The social revolution for women’s rights has made great progress in recent years. But how many casual observers – or advocates, for that matter – are aware that the roots of this movement extend deep into Western history?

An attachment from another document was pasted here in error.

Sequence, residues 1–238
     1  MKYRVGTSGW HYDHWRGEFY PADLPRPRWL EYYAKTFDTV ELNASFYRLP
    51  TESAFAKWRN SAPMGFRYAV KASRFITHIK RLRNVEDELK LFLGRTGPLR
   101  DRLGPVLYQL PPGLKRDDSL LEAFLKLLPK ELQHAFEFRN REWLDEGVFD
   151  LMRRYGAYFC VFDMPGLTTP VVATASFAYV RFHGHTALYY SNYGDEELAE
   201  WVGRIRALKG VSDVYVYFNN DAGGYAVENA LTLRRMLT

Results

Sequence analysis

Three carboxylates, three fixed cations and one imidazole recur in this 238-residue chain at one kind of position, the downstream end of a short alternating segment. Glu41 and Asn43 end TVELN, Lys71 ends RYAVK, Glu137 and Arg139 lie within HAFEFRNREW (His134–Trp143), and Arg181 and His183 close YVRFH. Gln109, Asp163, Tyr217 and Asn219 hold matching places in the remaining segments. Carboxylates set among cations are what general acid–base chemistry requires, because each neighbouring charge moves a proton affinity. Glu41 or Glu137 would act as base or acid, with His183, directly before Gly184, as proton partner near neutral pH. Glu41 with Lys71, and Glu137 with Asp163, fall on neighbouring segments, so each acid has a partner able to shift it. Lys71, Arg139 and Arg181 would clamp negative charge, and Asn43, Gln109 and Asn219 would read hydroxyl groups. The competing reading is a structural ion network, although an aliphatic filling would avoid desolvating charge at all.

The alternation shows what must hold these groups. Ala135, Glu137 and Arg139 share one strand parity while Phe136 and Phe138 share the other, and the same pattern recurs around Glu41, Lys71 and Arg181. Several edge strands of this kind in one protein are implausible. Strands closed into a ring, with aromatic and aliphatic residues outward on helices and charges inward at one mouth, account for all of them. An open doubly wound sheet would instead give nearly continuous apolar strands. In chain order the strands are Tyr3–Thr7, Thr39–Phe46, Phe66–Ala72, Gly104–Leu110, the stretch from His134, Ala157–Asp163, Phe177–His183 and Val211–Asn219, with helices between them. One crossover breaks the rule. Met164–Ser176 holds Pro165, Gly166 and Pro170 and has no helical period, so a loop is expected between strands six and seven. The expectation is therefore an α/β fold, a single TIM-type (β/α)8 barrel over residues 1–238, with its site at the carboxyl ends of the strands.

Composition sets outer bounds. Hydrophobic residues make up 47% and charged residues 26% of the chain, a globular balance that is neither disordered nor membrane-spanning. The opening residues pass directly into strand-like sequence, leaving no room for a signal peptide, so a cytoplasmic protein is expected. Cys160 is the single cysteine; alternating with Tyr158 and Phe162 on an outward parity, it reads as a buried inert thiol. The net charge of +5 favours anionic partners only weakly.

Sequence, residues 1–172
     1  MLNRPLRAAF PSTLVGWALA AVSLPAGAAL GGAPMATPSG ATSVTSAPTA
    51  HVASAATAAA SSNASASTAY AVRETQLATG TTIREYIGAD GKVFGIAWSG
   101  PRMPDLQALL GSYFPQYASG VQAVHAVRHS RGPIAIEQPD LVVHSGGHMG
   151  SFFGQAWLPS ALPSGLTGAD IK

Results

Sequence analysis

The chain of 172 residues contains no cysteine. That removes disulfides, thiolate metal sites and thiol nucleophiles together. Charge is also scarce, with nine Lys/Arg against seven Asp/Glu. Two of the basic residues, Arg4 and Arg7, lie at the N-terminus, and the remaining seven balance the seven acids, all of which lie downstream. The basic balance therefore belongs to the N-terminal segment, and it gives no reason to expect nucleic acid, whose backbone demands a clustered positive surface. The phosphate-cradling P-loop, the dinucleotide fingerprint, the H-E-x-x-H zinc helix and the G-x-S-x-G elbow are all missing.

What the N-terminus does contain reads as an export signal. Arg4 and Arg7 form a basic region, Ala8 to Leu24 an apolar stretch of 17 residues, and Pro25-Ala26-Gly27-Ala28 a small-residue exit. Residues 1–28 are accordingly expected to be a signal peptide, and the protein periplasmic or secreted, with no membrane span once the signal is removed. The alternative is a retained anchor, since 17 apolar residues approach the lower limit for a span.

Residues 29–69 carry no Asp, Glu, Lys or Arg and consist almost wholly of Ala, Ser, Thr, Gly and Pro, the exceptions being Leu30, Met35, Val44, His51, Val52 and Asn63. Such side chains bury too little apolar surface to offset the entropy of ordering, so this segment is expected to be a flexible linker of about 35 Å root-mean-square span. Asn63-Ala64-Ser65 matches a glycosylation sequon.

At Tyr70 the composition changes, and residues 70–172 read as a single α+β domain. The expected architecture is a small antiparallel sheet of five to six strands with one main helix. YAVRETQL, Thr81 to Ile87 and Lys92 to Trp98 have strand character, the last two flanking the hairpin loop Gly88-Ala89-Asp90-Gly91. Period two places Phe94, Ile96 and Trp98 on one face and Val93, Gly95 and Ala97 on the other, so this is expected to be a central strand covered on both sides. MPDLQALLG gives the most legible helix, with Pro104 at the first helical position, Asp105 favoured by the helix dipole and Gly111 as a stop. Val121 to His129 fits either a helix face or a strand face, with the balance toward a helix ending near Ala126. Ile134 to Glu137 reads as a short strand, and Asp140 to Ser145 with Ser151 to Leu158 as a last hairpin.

Even before launching the great campaign to attain universal suffrage, strong female voices spoke in favor of the social, political, educational, and economic rights of women. A Vindication of the Rights of Women, published in the late eighteenth century, is truly a classic in this venerable tradition. Railing against the stubborn social forces that confined women to an inferior station in the community, Mary Wollstonecraft declares war on the prevailing attitudes and customs that prevent women from realizing their individual potential.